The 11.6 mile stretch of trail from Lincoln Gap to App Gap (or vice-versa) makes for an exhilarating day hike on a clear day.

02-10-2009, 10:36
On my E-2-E, I remember climbing Burnt Rock shortly after an all night rain had ended. The climb was steep, somewhat slippery, and I don't recall any ladders. I'd consider it as difficult as anything on the LT. A short excerpt from my TJ after leaving Birch Glen... "The first third of the hike went quickly, but from there on the trail was brutal... at least to me. Great view from Burnt Rock and lots of ledge climbing with the possibility of high falls".

02-10-2009, 12:54
I live near Burnt Rock in the summer (down the road from Appalachian Gap). Here are some "rocky" photos from my hike up to the summit last summer.

Also, I have a short video taken during the same hike from the actual summit of Burnt Rock - view it at http://longtrailpodcast.com

02-10-2009, 19:21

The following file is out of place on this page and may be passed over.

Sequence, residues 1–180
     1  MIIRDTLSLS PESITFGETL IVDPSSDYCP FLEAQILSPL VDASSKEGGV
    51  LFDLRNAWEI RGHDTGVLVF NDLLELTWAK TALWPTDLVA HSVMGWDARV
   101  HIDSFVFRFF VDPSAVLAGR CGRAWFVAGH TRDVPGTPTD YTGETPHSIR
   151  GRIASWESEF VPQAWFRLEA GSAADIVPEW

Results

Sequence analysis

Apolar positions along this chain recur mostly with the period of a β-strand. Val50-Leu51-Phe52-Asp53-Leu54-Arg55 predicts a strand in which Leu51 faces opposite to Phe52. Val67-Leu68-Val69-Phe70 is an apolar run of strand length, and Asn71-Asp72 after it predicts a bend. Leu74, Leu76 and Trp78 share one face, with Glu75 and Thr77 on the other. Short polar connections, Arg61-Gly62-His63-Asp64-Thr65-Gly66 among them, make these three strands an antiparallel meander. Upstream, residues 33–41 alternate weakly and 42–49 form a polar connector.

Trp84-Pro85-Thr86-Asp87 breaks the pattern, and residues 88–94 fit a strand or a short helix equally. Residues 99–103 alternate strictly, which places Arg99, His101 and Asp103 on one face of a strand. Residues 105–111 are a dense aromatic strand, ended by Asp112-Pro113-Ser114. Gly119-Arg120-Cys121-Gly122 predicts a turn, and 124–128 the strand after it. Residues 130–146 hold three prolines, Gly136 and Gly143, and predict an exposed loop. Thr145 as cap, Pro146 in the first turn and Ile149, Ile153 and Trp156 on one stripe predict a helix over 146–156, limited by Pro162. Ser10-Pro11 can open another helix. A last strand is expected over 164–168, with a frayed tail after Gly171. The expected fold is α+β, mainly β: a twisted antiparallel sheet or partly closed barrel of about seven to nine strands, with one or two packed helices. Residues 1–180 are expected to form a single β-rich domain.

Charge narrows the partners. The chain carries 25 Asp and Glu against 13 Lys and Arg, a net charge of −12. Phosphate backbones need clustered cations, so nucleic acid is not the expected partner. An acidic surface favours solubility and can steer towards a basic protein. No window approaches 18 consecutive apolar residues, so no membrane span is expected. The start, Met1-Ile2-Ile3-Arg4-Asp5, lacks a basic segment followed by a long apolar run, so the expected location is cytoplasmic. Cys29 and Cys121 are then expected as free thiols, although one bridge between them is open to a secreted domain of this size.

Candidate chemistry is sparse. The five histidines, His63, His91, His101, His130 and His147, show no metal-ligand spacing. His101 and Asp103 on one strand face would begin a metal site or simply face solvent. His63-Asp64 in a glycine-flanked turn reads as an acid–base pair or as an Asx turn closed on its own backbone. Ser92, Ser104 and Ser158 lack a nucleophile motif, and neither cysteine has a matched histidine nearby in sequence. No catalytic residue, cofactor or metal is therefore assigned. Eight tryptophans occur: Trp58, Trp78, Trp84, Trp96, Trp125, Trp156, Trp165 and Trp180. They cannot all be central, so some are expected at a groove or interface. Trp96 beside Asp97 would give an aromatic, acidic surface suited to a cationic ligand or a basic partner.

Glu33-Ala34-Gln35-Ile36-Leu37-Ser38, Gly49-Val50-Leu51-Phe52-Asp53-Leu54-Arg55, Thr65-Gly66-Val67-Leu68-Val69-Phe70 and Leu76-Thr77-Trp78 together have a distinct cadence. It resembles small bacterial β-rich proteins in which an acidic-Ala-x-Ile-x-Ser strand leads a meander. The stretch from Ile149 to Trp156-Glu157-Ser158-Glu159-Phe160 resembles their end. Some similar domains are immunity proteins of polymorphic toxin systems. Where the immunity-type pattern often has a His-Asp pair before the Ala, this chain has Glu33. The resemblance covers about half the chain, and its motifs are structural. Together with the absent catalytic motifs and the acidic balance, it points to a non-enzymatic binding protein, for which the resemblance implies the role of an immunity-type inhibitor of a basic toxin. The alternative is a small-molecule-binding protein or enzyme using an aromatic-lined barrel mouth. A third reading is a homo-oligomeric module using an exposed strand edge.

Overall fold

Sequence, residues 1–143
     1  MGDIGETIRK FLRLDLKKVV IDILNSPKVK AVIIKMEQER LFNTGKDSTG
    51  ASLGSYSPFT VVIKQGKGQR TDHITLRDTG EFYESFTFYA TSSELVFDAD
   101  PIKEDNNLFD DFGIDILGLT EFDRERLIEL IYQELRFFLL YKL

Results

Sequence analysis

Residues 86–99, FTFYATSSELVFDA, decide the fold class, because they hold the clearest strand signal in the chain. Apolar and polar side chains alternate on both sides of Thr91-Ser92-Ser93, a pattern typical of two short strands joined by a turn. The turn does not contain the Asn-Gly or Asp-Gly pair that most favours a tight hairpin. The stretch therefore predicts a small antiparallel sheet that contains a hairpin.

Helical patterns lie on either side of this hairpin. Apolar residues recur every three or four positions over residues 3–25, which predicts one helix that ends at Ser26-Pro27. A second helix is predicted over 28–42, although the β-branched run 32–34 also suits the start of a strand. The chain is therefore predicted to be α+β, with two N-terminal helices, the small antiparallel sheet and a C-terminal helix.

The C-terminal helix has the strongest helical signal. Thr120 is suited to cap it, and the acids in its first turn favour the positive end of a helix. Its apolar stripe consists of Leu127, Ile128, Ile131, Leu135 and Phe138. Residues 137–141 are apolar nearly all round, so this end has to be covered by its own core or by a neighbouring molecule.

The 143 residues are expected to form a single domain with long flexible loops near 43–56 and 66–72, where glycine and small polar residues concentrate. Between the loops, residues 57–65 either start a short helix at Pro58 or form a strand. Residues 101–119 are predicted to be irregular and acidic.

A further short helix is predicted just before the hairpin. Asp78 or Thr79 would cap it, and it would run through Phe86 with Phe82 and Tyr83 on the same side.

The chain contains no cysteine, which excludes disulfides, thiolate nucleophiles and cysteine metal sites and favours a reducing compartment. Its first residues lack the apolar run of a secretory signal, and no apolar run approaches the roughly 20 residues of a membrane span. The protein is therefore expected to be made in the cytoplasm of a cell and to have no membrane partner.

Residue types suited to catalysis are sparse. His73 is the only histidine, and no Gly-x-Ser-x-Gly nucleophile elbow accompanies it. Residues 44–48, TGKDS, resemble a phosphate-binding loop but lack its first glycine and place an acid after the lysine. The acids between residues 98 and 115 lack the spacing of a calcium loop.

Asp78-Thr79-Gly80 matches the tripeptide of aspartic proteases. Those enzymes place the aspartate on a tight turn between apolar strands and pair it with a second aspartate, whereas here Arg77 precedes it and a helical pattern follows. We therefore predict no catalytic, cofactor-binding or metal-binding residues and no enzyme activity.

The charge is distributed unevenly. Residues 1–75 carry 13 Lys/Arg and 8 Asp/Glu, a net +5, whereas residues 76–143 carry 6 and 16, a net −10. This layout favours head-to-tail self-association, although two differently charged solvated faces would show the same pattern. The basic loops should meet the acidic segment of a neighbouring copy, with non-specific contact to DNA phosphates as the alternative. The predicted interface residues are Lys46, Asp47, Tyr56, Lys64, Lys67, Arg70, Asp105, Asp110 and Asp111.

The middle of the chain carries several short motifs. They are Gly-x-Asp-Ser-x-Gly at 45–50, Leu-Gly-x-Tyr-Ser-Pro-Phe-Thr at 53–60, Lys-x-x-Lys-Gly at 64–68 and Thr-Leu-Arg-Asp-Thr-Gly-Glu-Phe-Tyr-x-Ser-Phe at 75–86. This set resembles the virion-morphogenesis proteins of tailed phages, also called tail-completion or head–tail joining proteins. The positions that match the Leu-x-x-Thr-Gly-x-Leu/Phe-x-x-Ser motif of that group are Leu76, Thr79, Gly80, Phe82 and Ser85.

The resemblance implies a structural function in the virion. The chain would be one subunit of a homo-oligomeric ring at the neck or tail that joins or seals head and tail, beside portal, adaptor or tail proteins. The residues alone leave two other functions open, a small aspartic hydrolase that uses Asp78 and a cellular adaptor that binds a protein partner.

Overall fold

Here is the excerpt from the book -it sounds like it will be quite a thrilling descent! :

" It is interesting to know that the task of finding a possible approach from the south to the summit of Burnt Rock Mountain was for a time an unsolved problem to the trail builders. Professor Will S. Monroe, who is largely responsible for building this section of the Long Trail, was assured by one who visited the mountain that no practicable route could be found for a trail to ascend the summit from this direction. It was possible to get down by a process of sliding over precipitous ledges and dropping from the summit of cliffs by the use of ropes. But to find a route feasible for a real trail, passable in both directions, was another matter.